Is Labour in denial over local election battering?
The party is down more than 100 seats so far, has lost majorities on three Welsh councils and has been replaced by the Conservatives as the largest party on Cumbria County Council. Labour has lost overall control of its traditional stronghold of Glasgow City Council for the first time in nearly 40 years.
Despite the apparently dismal showing, Labour MPs have been advised to say the results are merely “disappointing” and that the party has done “better than people were predicting.”
“Some of the predictions of doom and gloom across the board aren’t quite panning out as some thought,” the script said.
“There are some disappointing results, but there are good ones too such as holding on to the councils in Neath Port Talbot and Newport.”
One success the party will be stressing is retaining Welsh seats in Swansea, Cardiff and Newport councils, the latter of which the party will say was a Tory target. Candidates are also being told to suggest the Tory surge is down to the UKIP collapse, and say the results are being judged against a high point for the party in 2012.
As polls close in local elections, I would like to thank everyone who has worked so hard for The Labour Party in these campaigns. pic.twitter.com/s7sstZlIzy— Jeremy Corbyn (@jeremycorbyn) May 4, 2017
Shadow Chancellor John McDonnell remains staunchly behind Labour leader Jeremy Corbyn.
“It has been tough, there’s no doubt about that, but it hasn’t been the wipeout that some people predicted or the polls predicted … In areas it’s quite mixed,” he told Radio 4’s Today program.
“I’m not underestimating the challenge that we face right the way across the country. But what I’m saying is, to try to be as objective as I possibly can, it isn’t the wipeout that many predicted. It is much better.”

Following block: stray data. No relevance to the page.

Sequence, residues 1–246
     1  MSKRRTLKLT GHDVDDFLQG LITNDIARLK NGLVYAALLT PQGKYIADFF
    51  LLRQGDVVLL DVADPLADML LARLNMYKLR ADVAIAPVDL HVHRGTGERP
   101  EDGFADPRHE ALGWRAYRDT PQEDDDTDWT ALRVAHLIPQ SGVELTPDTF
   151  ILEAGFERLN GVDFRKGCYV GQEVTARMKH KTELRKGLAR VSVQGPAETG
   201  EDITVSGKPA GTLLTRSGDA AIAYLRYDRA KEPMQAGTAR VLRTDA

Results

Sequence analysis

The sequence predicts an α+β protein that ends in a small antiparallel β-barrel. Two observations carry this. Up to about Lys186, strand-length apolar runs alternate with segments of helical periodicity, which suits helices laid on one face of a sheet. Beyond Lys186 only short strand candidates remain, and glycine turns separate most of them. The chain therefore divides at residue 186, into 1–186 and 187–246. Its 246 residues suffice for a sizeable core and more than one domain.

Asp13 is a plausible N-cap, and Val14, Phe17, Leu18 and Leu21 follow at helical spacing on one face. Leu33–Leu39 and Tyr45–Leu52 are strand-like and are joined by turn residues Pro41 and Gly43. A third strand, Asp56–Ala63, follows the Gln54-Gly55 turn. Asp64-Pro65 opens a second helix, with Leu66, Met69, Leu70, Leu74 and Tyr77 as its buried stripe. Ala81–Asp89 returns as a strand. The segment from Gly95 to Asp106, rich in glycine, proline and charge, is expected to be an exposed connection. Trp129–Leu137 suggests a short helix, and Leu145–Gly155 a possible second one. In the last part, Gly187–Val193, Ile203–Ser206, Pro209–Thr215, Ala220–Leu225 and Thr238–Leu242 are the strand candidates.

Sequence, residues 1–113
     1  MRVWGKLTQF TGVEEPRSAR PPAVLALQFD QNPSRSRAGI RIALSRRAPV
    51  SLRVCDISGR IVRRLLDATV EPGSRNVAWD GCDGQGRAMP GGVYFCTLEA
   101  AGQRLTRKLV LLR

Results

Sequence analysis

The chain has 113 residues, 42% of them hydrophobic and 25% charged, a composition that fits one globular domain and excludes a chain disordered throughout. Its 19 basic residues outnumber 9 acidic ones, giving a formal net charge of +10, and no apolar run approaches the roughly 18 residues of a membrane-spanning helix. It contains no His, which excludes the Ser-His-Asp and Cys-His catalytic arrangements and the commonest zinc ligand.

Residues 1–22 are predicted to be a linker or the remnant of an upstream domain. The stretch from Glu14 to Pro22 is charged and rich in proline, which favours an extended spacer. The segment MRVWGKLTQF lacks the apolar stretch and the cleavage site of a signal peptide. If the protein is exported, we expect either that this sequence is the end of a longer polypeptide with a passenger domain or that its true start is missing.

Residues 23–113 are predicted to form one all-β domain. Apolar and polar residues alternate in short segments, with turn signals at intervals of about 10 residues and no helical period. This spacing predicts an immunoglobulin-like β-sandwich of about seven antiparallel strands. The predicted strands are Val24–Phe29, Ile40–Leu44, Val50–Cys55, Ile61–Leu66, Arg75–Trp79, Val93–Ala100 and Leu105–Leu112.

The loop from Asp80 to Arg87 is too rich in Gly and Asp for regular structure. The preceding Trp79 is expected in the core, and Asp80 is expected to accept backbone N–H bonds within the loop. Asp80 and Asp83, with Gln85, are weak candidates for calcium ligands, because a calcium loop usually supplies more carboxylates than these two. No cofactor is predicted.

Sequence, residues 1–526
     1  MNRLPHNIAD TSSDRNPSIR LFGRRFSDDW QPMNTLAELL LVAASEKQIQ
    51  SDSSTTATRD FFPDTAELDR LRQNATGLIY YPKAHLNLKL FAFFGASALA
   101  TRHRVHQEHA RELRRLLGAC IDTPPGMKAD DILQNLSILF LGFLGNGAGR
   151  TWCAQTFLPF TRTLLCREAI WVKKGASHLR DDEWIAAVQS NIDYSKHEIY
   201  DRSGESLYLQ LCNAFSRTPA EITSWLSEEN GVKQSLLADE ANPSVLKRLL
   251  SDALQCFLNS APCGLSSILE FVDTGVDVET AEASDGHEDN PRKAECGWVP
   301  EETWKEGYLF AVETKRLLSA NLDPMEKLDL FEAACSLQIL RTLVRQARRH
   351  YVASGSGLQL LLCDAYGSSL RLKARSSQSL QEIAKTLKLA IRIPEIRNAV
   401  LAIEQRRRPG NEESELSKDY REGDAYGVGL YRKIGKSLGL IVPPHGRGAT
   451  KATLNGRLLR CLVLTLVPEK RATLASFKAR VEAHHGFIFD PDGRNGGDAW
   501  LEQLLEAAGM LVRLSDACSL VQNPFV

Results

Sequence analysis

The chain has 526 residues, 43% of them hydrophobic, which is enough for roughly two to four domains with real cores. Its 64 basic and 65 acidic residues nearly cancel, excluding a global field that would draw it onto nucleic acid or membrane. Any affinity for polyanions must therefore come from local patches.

Speaking to Sky News, Labour MP Diane Abbott said the defection of UKIP supporters to the Tories was “one of the pivotal factors” in Thursday’s vote.
She conceded that “some of those UKIP voters that are going to the Tories are former Labour voters,” and said that in a general election “we have to turn them out and get them to vote Labour.”
Abbott said overall the morning’s results had been “disappointing” but stressed “you cannot extrapolate from local elections to the general.”
She added the results “certainly don’t mean that the general election [of June 8] is done and dusted for Theresa May.”
Stephen Kinnock, Labour MP for Aberavon, was a dissenting voice, however, going against the party line. He criticized the party’s performance and the impact of Corbyn’s leadership, saying the results painted a “disastrous picture.”
“It’s simply not good enough for a party that’s been in opposition for seven years, that’s heading towards a general election in five weeks, to not be picking up seats and not be making forward progress,” he said, according to the Mirror.
“What we need to do is recognize that we have got a mountain to climb over the next five weeks and it’s about time we started climbing it.
“I think we can’t just put a spin on this – the fact of the matter is that Jeremy’s leadership does come up on the doorstep on a very regular basis. What we have to do is make this election about more than leadership, we’ve got to make it about the future of our country.”